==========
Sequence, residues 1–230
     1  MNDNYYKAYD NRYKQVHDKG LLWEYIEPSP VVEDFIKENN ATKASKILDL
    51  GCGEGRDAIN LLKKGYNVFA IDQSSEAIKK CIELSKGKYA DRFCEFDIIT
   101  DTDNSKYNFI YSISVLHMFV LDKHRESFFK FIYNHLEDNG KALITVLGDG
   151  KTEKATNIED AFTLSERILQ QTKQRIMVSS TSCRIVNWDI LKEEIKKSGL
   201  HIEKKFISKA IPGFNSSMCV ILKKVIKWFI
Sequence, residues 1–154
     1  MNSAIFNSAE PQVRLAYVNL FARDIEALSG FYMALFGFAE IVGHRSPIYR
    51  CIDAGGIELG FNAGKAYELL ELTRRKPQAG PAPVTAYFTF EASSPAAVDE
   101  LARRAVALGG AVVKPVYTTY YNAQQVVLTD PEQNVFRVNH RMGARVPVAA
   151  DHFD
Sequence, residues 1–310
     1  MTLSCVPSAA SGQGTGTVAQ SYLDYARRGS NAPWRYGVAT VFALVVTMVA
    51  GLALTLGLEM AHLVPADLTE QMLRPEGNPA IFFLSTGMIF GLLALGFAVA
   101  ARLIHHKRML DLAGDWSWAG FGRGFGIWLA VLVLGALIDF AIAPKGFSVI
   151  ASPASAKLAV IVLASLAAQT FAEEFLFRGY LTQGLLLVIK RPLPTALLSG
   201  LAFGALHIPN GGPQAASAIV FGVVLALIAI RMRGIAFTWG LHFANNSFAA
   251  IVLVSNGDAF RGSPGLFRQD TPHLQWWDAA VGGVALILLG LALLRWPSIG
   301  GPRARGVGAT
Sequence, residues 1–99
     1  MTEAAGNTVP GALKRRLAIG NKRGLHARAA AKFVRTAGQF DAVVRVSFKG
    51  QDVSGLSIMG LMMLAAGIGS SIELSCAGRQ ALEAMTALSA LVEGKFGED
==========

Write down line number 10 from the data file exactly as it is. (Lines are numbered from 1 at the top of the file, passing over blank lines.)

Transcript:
   101  LARRAVALGG AVVKPVYTTY YNAQQVVLTD PEQNVFRVNH RMGARVPVAA